Britain’s oil production could drop by more than 50% five years into the next century, according to a report published yesterday by analyst Wood Mackenzie.
The pessimistic scenario is based on the firm’s latest annual analysis of probable near term developments.
The 47 fields identified this year are estimated to hold 2.12 billion barrels of oil equivalent compared with 3.14 billion for the 50 fields in the 1996 analysis – a fall of 32%. The expected capital spending has dropped from £7.2bn to £5bn.
While the near-term developments should help UK production (including natural gas liquids and condensates) to exceed 3 million barrels a day in 1998, 1999 and 2000, they will not compensate for the decline in production from the large mature North Sea oil fields after 2000.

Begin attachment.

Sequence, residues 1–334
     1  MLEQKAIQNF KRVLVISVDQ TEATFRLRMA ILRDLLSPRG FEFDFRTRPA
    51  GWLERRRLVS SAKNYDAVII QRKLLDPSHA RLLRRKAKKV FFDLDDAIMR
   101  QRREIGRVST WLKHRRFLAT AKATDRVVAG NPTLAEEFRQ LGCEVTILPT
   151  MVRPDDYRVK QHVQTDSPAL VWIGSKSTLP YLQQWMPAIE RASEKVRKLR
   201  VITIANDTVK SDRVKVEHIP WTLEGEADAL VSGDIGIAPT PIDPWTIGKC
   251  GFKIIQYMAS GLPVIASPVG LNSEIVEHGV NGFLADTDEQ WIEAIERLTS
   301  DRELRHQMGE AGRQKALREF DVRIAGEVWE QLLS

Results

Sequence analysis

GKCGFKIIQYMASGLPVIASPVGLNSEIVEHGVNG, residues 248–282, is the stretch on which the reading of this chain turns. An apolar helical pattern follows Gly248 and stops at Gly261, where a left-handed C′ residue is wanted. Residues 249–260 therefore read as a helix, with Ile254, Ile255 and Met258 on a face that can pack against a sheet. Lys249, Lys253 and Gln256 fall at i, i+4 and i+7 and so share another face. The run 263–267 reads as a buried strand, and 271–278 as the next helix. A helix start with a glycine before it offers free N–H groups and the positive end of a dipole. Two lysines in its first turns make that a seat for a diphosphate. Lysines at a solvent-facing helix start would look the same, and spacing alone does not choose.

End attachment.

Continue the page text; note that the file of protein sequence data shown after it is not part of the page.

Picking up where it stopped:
Unless oil companies can replace these losses from big new discoveries west of Shetland, Wood Mackenzie warns that output could fall back to 1.5 million barrels a day by 2005.
In another report out yesterday, Aberdeen City Council estimates that numbers employed by the offshore industry in north-east Scotland would decline by up to 11,000 from the present level of 45,000 over 14 years.